News & Current Affairs
25 March 2015
by Peter Wicks
Private Mike Baird: The NSW sell-out
With the NSW election only a couple of days away, it is clear that Baird Government's plan to privatise NSW's electricity network is the hot issue.
It has heated up even further with revelations Premier Baird pressured investment bank UBS into changing a report that said the privatisation would damage the NSW bottom line. Of course, Mike Baird is a former investment banker and UBS stands to make millions in fees from the proposed sale, so few would be surprised that the bank duly buckled under Baird's influence in agreeing to sex up the proposed sale dossier.
Baird will now be sweating on both ASIC and parliamentary investigations into this sordid little affair. The whole thing stinks to high heaven and draws into question, yet again, the closeness of the NSW Liberal Party to their big business donors. A matter that has been put into the spotlight through a dozen NSW Liberal Party MPs losing their jobs after damning ICAC revelations, along with Joe Hockey's ill-conceived 'Treasurer for Sale' defamation proceedings over Fairfax's revelations regarding the North Sydney Forum, and reports of other shady Liberal Party slush funds.
Here in NSW, Mike Baird wants to sell off one asset that is used by virtually everyone living in NSW – our power network – and so put us all at the mercy of private corporations.
Privatisation was, of course, also a hot issue in the recent Queensland election, which saw the Coalition Government booted out of office after just one term, despite the huge swing towards the Coalition in the previous election.
Just as Campbell Newman did in Queensland, fooling no-one, Mike Baird refers to the sale of these assets as a lease — a lease that lasts 99 years, which is longer than most people live. That means that the network will be out of public hands for our lifetime, our children’s lifetime, and a good chunk of our grandchildren’s lifetime.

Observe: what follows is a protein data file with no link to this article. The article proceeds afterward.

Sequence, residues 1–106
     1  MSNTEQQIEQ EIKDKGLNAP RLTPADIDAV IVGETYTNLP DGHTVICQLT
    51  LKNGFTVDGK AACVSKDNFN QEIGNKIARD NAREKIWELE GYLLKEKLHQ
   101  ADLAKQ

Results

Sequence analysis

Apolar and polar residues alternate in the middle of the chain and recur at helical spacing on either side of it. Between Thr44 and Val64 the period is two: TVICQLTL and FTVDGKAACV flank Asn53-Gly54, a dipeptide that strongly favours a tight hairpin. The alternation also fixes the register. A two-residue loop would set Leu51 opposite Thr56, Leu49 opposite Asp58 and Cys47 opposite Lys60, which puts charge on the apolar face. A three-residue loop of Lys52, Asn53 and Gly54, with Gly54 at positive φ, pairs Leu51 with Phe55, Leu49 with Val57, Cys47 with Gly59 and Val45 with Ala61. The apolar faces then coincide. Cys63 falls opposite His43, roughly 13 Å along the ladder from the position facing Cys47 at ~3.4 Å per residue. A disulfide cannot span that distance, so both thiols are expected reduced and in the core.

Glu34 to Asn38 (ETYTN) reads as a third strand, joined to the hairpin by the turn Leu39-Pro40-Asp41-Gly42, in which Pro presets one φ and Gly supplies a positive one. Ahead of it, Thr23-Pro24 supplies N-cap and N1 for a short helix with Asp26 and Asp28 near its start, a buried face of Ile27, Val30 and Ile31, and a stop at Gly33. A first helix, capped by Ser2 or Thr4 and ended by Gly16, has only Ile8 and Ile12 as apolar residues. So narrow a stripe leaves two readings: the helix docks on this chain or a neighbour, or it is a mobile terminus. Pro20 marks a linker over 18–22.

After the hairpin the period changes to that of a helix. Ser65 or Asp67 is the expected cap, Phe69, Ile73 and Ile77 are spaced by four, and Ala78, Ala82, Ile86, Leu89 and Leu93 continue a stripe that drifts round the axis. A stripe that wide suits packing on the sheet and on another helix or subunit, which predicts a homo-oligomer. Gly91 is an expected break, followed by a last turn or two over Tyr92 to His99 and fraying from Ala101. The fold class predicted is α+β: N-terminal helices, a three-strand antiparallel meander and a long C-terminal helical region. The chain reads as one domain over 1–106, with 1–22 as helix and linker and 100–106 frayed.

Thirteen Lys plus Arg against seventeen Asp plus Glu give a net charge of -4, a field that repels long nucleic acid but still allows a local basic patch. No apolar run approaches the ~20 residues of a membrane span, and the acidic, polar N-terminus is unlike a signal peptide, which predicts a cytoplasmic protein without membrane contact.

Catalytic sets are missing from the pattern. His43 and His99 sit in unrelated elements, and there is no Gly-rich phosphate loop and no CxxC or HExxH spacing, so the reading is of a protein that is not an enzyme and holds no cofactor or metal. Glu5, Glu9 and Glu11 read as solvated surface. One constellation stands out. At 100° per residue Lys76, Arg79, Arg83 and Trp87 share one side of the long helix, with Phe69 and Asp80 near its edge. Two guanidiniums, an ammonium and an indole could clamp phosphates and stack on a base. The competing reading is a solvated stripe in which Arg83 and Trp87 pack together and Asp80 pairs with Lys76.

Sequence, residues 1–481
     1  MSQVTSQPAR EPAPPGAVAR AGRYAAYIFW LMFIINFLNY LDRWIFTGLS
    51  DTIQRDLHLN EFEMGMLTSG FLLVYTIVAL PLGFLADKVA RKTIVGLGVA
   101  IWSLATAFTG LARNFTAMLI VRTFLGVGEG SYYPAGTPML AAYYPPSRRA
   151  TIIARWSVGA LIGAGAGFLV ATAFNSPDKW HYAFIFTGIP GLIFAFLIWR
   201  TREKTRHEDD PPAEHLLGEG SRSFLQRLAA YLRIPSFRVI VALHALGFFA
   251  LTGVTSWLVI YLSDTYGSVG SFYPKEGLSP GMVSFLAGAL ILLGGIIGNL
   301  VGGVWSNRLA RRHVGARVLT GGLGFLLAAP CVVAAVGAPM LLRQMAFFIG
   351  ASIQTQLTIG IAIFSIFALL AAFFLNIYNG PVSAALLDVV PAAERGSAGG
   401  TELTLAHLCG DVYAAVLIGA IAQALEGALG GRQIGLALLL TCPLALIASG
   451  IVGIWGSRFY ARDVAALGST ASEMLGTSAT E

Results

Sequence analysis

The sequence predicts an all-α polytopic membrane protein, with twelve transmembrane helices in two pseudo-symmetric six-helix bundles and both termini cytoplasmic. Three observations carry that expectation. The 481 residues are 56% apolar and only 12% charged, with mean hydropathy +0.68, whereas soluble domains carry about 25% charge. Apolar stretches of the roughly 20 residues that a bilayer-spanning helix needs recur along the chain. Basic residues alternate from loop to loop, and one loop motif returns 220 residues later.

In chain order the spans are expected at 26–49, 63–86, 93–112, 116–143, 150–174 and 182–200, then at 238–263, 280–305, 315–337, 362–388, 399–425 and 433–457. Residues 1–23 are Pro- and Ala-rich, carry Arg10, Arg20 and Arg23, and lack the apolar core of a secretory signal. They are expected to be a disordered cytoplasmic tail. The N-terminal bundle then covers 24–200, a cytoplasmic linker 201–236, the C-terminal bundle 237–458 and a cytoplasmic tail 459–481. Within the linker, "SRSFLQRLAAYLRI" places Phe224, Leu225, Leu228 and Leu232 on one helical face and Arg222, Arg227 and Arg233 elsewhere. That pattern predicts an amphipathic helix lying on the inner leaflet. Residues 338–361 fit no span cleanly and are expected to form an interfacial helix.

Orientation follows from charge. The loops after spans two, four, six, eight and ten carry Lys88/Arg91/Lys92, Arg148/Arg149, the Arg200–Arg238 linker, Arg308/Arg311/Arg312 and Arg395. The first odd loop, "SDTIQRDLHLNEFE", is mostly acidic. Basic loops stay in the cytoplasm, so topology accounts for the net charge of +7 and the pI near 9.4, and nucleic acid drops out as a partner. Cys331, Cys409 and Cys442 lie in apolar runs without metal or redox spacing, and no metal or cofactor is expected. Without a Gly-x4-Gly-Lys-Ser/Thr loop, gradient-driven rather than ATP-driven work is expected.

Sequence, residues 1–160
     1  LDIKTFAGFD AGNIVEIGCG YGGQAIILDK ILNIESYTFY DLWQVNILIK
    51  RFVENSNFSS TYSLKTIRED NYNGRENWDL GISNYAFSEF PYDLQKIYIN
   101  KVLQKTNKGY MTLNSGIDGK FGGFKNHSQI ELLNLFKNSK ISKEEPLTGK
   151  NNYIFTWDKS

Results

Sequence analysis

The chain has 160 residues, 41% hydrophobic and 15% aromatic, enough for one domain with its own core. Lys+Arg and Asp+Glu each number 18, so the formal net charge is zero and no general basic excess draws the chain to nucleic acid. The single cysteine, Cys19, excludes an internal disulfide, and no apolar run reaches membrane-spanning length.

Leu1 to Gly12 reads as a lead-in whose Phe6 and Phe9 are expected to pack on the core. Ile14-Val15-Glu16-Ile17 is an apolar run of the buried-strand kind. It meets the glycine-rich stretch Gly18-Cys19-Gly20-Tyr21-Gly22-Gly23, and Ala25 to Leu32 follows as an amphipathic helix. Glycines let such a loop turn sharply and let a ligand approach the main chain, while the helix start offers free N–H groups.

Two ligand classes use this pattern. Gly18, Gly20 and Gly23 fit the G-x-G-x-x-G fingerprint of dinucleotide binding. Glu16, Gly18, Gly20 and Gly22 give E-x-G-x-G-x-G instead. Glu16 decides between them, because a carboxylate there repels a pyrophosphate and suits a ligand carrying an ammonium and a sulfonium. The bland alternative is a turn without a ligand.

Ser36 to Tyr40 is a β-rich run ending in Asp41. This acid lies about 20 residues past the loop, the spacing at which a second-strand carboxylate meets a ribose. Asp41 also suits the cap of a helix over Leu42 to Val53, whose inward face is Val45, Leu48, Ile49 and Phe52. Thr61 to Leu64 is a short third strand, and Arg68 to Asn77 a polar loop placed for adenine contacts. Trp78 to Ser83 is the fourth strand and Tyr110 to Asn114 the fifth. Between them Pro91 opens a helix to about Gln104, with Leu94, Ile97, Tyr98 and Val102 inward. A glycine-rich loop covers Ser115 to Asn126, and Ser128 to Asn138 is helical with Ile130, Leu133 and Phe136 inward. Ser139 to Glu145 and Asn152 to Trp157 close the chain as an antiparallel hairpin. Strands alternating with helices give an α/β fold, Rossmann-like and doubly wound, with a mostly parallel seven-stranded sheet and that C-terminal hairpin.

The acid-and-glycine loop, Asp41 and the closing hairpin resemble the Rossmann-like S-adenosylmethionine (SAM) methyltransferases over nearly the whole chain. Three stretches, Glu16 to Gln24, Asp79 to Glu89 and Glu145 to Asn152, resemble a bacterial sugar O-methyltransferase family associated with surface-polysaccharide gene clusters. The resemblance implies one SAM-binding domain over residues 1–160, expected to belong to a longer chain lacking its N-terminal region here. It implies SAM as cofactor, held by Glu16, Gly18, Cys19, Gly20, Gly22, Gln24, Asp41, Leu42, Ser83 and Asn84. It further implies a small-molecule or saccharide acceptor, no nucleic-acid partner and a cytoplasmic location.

Labor leader Luke Foley has rightly said that we will never have it back — that it will be gone for good. For this, he has been accused of running a scare-campaign.
Once again, the lease is for 99 years. That is a very long time and, although the proposed lease is 99 years in length, there is nothing to stop that being further extended at a later stage.
It does not take the love child of Nostradamus and a rocket scientist to figure out that at some point in the next 99 years, there will be a government in NSW that will find another big cash injection highly tempting and so be tempted to further extend the lease. This is the rather inconvenient truth that Mike Baird is choosing to ignore.
Another inconvenient truth that Baird ignores is that, unlike governments who collect tax to provide services, private enterprises provide products and services for a profit. These private enterprises have the obligation to maximise profits for their shareholders. So, when Baird tries to tell us that there will be no long-term prices rises at all, it must be treated with all the scepticism and disdain such a ridiculous claim deserves.
Where we are fortunate in NSW is we are able to judge the impacts of the privatisation of the network by the results in other states, such as Victoria.
The impact in Victoria has understandably been ignored by “Team Baird”. The Victorian sell off saw 8,000 jobs lost, bills increase by between 60 and 70%, and as costs and corners are cut a 32% increase in blackouts.